Originally Posted by PNW_Steve
Not trying to be argumentative. Just pointing out that a battery monitor by itself is not going to give you the best performance unless you "tune" or calibrate it with the help of a hydrometer.
No worries, I generally agree. Only a hydrometer will be completely accurate.
However; I think it is important to understand that using an hydrometer every time one would like to know SOC is simply NOT going to happen (in the vast majority of cases). For example; I probably look at my battery bank SOC 3-4 times per day. I am now lithium but in my last RV, the notion that I would retract one of the slides, walk outside, open the battery compartment, pull the battery tray slides out, remove all the caps (multiple 6V batteries) and use the hydrometer on each cell EVERY time I wanted this information is simply NOT realistic. The reasons to skip this process are nearly infinite - I'm in my pajamas, it's raining, I'm only curious, I don't want to get battery acid on this shirt, it's too hot, it's to cold, etc...
In my opinion, expecting someone to ONLY use a hydrometer will guarantee that he/she will ignore their battery bank and probably end up abusing it. That is certainly not best performance.
I do think it is realistic to properly tune a battery monitor and then validate its information at some interval (using a hydrometer) - maybe once a month. In this way, the user can easily access pretty good information about their battery bank and treat them appropriately.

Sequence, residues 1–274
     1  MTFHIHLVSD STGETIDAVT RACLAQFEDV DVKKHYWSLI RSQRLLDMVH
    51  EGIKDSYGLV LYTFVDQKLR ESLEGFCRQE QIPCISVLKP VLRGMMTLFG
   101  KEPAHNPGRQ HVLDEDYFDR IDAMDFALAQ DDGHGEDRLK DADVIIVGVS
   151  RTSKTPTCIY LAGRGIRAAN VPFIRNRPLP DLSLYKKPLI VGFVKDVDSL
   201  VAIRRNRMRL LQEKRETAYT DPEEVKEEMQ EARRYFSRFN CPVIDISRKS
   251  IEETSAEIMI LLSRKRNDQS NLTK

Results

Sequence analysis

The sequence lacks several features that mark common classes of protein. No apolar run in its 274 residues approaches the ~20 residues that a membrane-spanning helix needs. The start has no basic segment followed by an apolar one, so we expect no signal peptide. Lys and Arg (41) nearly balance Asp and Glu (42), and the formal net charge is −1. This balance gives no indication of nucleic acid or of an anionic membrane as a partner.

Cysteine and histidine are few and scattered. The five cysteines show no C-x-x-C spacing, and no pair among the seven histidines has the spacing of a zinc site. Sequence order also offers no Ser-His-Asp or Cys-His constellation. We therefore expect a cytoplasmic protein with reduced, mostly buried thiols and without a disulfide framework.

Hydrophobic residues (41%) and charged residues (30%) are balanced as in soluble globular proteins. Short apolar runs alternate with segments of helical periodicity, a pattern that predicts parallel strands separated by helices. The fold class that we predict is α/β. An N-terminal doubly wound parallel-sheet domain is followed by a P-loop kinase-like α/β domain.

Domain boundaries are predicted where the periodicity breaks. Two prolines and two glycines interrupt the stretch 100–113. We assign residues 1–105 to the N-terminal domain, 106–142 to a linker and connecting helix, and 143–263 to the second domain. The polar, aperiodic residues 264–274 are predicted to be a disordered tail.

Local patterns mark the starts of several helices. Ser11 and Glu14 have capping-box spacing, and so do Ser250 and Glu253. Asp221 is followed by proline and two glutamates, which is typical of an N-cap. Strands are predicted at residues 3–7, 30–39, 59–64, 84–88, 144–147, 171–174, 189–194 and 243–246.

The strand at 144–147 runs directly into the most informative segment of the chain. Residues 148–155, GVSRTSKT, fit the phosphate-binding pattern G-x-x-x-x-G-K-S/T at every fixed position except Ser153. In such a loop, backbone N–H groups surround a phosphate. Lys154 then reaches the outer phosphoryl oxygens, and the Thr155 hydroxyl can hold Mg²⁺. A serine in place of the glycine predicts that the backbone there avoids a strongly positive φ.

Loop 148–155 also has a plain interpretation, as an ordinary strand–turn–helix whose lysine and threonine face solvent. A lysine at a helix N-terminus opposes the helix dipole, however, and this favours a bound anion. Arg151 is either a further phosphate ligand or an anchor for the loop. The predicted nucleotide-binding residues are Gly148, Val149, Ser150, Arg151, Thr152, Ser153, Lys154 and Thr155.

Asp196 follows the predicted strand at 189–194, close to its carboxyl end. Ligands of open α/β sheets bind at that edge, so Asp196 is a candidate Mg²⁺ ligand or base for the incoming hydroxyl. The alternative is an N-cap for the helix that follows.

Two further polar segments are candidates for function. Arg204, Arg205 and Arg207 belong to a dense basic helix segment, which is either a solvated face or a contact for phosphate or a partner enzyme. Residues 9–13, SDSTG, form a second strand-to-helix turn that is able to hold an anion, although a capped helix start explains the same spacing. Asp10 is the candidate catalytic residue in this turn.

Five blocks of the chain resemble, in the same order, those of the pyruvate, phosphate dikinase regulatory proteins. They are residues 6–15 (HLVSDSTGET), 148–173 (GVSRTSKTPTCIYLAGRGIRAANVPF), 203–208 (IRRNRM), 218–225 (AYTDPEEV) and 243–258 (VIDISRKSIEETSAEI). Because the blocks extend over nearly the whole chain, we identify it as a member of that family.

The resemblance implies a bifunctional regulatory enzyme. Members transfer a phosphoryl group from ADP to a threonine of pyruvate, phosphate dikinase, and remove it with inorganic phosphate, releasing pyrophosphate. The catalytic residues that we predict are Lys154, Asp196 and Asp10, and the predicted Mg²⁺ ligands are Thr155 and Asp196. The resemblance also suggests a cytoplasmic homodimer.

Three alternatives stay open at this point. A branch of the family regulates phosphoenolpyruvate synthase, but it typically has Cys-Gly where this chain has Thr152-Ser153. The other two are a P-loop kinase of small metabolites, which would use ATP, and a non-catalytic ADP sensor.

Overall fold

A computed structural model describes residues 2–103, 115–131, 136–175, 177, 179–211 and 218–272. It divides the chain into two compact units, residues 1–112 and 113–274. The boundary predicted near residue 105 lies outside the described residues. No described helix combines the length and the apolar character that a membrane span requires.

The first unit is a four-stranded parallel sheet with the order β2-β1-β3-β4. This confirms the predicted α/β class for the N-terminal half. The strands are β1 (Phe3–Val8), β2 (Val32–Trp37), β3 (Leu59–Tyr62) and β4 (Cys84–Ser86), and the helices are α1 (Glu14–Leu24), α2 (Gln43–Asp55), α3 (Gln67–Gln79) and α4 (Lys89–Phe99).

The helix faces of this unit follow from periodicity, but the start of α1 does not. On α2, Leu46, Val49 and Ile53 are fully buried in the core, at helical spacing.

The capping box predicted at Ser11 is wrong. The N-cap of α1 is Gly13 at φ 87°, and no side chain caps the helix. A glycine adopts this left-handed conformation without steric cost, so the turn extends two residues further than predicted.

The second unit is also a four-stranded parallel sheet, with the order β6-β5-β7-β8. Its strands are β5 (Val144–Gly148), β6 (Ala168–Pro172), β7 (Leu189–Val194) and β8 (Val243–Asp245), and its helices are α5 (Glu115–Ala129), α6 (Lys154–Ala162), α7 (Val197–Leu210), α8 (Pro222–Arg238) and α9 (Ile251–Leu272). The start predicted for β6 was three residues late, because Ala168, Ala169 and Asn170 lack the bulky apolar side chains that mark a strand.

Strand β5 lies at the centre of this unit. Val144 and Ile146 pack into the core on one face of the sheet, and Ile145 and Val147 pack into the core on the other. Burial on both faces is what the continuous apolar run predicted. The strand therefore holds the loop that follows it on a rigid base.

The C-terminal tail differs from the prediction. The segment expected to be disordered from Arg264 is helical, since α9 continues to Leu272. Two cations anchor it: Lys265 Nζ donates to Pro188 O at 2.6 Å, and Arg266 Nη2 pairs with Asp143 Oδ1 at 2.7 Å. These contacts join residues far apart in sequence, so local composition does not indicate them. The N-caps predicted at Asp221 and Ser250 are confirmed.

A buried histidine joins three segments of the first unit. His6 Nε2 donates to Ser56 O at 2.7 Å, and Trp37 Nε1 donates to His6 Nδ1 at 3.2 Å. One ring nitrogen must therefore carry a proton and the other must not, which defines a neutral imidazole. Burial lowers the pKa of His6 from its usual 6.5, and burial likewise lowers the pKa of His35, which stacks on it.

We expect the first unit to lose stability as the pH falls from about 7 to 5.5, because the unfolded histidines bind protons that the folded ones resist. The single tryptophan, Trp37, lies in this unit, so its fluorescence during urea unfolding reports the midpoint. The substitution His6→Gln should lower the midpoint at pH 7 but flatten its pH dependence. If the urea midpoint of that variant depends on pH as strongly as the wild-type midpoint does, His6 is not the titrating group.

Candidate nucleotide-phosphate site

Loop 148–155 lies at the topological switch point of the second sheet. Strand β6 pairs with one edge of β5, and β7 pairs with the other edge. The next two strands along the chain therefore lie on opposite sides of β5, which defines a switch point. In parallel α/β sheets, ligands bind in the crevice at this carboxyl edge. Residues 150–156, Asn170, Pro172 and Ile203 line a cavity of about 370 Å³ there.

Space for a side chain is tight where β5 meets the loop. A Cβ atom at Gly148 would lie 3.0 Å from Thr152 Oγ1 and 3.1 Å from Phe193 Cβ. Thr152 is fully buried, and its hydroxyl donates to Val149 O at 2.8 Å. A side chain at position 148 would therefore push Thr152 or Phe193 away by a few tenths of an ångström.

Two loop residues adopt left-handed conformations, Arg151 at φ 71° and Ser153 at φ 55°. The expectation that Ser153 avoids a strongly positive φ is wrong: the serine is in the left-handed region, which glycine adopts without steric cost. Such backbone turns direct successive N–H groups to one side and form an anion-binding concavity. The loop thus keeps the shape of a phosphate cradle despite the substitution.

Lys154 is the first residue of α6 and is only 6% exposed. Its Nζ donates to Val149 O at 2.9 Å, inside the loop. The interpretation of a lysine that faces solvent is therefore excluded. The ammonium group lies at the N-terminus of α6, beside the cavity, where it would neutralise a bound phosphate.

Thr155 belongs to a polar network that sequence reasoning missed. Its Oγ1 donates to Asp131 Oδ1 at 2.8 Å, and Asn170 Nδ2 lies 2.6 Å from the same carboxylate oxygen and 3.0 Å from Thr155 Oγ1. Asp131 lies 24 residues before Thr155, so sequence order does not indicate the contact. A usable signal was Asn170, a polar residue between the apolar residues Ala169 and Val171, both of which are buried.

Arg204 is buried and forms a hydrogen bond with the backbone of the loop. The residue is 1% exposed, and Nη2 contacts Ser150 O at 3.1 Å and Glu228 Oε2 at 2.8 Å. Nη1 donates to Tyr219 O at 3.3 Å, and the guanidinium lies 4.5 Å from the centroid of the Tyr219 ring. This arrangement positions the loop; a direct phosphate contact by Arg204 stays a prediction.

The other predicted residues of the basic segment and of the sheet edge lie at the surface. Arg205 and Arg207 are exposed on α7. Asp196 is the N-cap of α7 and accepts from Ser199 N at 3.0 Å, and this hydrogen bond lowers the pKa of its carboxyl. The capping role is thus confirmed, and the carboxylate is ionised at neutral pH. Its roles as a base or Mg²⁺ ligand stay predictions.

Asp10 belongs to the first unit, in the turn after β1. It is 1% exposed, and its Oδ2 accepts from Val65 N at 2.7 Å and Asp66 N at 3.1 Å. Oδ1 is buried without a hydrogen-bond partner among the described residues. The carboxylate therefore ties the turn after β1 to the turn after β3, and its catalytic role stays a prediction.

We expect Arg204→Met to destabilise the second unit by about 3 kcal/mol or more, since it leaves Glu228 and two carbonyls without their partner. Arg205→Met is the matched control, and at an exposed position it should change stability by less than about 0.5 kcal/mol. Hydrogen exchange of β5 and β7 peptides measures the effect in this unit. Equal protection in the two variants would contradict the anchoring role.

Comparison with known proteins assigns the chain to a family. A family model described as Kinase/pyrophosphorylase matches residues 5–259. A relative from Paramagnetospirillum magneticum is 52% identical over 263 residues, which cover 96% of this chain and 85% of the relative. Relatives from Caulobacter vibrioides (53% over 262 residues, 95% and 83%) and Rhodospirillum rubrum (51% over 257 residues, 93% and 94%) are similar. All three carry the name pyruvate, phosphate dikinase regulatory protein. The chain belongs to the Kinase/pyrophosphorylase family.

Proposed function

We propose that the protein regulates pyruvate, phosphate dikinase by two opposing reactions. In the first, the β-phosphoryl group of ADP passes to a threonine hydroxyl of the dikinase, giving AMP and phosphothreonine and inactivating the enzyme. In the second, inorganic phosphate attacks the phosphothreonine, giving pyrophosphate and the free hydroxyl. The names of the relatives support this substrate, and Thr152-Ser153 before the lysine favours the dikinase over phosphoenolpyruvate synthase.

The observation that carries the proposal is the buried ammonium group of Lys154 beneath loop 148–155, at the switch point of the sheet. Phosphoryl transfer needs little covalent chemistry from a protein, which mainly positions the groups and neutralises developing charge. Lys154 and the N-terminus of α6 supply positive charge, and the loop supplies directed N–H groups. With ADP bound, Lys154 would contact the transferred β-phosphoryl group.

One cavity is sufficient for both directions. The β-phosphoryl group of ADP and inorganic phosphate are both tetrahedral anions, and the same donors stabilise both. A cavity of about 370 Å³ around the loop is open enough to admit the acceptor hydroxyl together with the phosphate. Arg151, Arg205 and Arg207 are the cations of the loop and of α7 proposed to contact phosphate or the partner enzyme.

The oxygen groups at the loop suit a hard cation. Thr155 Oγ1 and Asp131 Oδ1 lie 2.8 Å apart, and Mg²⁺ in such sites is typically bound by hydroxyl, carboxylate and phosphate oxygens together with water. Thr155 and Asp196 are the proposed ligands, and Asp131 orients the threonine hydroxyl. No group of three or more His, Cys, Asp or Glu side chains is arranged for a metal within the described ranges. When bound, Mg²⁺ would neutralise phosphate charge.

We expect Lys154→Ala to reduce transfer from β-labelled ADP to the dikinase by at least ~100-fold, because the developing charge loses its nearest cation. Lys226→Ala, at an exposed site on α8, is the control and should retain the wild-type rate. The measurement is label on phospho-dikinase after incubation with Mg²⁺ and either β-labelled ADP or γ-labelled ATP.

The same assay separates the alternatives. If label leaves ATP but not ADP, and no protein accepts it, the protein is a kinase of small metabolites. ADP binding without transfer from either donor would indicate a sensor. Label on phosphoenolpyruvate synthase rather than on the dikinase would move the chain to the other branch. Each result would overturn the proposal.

We may be coming at this from two different angles. I prefer to think that people should and will learn a bit about their electrical system and how to use it. It is possible that another angle is that people generally don't care about this stuff and no matter what they have, are going to abuse it (due to lack of knowledge). Using this latter perspective, I can see that giving them a tool that requires some understanding and tuning and expecting them to use it correctly might be a mistake. The erroneous information might be worse than telling them to use a hydrometer and them just ignoring their batteries. At least then they cannot say "my monitor told me all was well".